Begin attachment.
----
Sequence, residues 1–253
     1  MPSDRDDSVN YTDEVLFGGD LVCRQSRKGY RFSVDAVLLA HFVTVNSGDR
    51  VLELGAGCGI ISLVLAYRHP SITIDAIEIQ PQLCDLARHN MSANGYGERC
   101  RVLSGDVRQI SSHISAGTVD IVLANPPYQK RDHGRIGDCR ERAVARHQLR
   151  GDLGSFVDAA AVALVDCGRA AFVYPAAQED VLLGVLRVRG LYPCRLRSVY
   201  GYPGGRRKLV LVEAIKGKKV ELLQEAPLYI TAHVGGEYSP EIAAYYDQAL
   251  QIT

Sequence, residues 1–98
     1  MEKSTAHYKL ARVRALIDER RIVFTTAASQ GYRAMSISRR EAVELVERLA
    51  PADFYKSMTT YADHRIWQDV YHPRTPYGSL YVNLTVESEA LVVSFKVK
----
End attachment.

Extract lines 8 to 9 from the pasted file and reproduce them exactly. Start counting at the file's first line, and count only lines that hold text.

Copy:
Sequence, residues 1–98
     1  MEKSTAHYKL ARVRALIDER RIVFTTAASQ GYRAMSISRR EAVELVERLA